The death of former world heavyweight boxing champion Muhammad Ali last week has prompted an outpouring of reminiscences about the legendary fighter. British promoter Frank Warren paid his own tribute on the Paul Ross Full Set Breakfast Show this morning (Monday), calling Ali "a great ambassador and the most famous man on the planet".
Ali passed away in Phoenix, Arizona, on 3 June following a long battle with Parkinson's disease. The three-time heavyweight champion was known for his cultural impact and sharp mind, as much as his brilliance with his fists.
He was a committed political activist, campaigning against the Vietnam War and for the civil rights movement in the United States. A practicing Muslim, he was among the first to condemn the 9/11 terrorist attacks in New York City in 2001.
“As a world figure, [he became famous for] his stance on human rights, his role as a great ambassador for peace and goodwill, and for Islam. " Warren told Paul Ross.
“He was the first high-profile Muslim to stand up after the Twin Towers in 9/11 and come out against it - to explain that Islam is about peace and love, not terrorism and radicals."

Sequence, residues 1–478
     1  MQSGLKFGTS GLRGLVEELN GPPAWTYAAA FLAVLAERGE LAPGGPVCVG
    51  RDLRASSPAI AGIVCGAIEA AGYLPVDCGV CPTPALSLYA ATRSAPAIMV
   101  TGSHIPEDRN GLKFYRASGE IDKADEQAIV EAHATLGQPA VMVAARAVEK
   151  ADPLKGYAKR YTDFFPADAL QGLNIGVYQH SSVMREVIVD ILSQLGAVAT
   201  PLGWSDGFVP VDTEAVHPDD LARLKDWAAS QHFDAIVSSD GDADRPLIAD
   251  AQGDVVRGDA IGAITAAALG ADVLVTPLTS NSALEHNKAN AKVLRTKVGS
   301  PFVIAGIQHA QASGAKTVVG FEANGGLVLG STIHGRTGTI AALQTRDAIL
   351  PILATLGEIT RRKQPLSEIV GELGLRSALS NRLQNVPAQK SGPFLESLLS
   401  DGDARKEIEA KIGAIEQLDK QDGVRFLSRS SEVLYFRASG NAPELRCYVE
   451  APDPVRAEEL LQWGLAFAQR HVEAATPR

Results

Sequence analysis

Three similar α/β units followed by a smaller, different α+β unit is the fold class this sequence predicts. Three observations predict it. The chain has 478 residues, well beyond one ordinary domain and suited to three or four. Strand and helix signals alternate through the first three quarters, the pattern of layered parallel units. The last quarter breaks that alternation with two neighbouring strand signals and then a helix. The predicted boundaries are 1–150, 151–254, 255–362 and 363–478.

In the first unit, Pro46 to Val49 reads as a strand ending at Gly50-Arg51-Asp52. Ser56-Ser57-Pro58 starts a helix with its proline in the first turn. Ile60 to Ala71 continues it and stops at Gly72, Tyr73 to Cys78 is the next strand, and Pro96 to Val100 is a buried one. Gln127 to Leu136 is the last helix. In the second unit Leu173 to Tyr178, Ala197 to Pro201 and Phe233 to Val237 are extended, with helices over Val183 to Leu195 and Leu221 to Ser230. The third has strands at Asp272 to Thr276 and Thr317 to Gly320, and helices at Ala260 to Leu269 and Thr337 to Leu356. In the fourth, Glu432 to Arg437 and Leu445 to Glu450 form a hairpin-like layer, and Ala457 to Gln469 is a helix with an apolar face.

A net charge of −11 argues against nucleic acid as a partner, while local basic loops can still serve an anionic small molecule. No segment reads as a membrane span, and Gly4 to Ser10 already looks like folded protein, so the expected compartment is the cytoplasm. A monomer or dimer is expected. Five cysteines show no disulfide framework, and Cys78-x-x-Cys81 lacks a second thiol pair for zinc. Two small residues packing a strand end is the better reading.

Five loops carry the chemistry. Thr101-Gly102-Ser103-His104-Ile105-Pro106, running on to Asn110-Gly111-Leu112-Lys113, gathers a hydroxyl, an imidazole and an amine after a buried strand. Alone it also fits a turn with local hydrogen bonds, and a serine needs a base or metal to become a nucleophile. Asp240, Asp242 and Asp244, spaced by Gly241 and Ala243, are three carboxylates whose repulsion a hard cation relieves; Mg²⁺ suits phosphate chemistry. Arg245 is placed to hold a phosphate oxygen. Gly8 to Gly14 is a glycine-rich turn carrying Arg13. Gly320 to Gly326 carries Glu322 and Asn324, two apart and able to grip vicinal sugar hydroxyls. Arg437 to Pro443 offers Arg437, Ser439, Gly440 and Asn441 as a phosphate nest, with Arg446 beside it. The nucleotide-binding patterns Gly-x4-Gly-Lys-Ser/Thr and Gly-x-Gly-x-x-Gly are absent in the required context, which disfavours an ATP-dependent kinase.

Never afraid to make his point outside the ring, as well as in it, Ali was determined to stand up for what he believed in.
"Look at what he was willing to sacrifice during his boxing career," Warren said.
"He decided he wasn't going to go to Vietnam [as a US Army conscript in 1967], he took on the American government.
"They took away his [boxing] licence and he didn't fight for the prime years of his career.
"He got a five-year [prison] sentence and eventually got his licence back [after three years]. He was a man willing to stand up for his principles."
Arguably the first sportsman to gain international acclaim on and off the field of play, Ali - known as 'The Greatest' - nevertheless retained a strong connection with his roots.
"If you were heavyweight champion of the world, you were huge," Warren said. "It was a prestigious title, and you were recognised everywhere you went.
“Ali was made for TV. His fights and press conferences were broadcast around the world.
"He was the most famous man on the planet, but he was a man of the people."